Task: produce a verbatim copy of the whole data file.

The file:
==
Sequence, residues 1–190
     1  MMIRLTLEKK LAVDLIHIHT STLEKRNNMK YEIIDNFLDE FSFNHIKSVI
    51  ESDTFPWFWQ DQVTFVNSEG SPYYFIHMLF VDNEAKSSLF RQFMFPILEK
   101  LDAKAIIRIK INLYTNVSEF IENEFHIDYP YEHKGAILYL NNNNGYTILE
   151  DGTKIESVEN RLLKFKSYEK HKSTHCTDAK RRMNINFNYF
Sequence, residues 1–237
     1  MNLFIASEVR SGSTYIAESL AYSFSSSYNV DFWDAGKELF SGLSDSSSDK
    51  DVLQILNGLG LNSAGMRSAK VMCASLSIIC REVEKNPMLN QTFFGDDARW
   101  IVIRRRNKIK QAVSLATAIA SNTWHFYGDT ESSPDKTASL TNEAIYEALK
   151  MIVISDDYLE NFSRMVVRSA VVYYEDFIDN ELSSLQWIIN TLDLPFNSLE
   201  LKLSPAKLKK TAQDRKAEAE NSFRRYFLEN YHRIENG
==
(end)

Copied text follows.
Sequence, residues 1–190
     1  MMIRLTLEKK LAVDLIHIHT STLEKRNNMK YEIIDNFLDE FSFNHIKSVI
    51  ESDTFPWFWQ DQVTFVNSEG SPYYFIHMLF VDNEAKSSLF RQFMFPILEK
   101  LDAKAIIRIK INLYTNVSEF IENEFHIDYP YEHKGAILYL NNNNGYTILE
   151  DGTKIESVEN RLLKFKSYEK HKSTHCTDAK RRMNINFNYF
Sequence, residues 1–237
     1  MNLFIASEVR SGSTYIAESL AYSFSSSYNV DFWDAGKELF SGLSDSSSDK
    51  DVLQILNGLG LNSAGMRSAK VMCASLSIIC REVEKNPMLN QTFFGDDARW
   101  IVIRRRNKIK QAVSLATAIA SNTWHFYGDT ESSPDKTASL TNEAIYEALK
   151  MIVISDDYLE NFSRMVVRSA VVYYEDFIDN ELSSLQWIIN TLDLPFNSLE
   201  LKLSPAKLKK TAQDRKAEAE NSFRRYFLEN YHRIENG